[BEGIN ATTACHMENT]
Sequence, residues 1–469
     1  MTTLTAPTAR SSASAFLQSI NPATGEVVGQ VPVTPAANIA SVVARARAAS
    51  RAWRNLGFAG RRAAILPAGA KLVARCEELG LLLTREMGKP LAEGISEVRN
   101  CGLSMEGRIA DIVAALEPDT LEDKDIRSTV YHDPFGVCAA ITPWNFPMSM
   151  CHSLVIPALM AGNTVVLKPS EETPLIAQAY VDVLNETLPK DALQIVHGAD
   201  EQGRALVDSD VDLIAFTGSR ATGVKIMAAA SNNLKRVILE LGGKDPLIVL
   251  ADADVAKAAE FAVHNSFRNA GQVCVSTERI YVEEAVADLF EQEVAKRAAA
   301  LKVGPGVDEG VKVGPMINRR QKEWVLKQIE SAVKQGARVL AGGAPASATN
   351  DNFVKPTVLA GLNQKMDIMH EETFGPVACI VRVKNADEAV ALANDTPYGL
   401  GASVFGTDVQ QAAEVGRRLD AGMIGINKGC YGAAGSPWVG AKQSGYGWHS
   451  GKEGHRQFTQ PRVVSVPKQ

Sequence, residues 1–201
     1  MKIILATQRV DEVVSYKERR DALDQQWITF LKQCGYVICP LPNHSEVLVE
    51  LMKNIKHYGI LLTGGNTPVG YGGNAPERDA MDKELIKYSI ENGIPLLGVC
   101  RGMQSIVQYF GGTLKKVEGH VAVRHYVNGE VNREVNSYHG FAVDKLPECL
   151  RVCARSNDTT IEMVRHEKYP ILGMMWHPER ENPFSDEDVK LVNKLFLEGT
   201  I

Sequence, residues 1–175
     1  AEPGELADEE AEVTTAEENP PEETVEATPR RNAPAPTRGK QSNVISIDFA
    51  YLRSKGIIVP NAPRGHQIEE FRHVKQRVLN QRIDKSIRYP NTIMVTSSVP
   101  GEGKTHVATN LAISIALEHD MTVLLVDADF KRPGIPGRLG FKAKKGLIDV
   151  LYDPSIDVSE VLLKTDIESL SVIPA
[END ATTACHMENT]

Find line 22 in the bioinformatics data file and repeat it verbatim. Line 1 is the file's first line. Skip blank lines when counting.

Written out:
   151  LYDPSIDVSE VLLKTDIESL SVIPA